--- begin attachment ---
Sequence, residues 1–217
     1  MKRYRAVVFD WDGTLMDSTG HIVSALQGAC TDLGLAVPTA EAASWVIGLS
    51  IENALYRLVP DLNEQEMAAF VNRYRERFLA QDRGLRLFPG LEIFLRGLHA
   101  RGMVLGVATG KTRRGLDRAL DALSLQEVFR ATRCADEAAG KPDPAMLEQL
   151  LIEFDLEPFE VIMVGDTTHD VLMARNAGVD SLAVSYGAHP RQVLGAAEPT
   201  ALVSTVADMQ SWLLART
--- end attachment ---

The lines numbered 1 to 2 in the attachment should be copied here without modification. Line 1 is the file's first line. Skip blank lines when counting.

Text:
Sequence, residues 1–217
     1  MKRYRAVVFD WDGTLMDSTG HIVSALQGAC TDLGLAVPTA EAASWVIGLS